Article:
Sunday, February 27, 2011


My mother and her mother and family were and are quite witty. They liked to write poetry, whimsical, clever little ditties, and as I come across some of the remaining relics of those composures they will be posted on this blog. I'm sure Mom can help me locate them.

Because they were poets at heart, Mother's family memorized their favorite rhymes and
poetry, and at 85 years of age, my Mother, Ora Jean Juelfs Hardcastle can still recite from memory many of her favorite writings.

So, it came as no surprise to me when she began to recite a poem written in 1917, which began,
"I love you Mother, said little Nell. I love you more than words can tell..." It goes on to say how each of her children declared their love, then raced off to play... all but one child, and that child stayed to help her with the day's work. Then at night when they laid to rest, which of her children loved her best?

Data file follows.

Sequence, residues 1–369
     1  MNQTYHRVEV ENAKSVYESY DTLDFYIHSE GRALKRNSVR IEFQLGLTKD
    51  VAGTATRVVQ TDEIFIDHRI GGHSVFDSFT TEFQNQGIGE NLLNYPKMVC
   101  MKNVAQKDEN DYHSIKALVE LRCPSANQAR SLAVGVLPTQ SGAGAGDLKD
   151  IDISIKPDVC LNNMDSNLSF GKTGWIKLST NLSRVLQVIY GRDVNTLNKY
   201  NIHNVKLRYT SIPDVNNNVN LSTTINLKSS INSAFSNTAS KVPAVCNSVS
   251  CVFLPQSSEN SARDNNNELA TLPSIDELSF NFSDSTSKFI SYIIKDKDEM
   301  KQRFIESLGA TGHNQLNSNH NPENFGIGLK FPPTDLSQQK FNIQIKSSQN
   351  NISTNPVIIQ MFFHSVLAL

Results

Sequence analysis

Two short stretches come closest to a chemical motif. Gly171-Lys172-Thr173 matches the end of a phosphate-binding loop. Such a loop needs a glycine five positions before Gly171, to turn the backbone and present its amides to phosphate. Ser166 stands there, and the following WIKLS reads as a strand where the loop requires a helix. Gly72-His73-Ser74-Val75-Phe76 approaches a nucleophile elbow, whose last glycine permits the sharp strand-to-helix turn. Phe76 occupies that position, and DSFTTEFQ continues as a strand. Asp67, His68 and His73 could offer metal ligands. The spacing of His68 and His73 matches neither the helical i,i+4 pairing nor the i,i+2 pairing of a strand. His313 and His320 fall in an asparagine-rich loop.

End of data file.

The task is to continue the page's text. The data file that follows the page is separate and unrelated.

Research unearthed this poem:


"I love you Mother," said little John;
Then forgetting his work, his cap went on.
And he was off to the garden swing,
Leaving his mother the wood to bring.

"I love you Mother," said rosy Nell,
"I love you more than tongue can tell."
Then she teased and pouted full half the day.
Till her mother was glad when she went to play.

"I love you Mother," said little Fan,
"Today I'll help you all I can;
How glad I am that school doesn't keep!"
And she rocked the babe til he fell asleep.

Then stepping softly, she took the broom,
And swept the floor, and dusted the room.
Busy and happy all day was she;
Helpful and happy as a child could be.

"I love you Mother," again they said,
Three little children going to bed.
How do you think their mother guessed
Which of them really loved her best?

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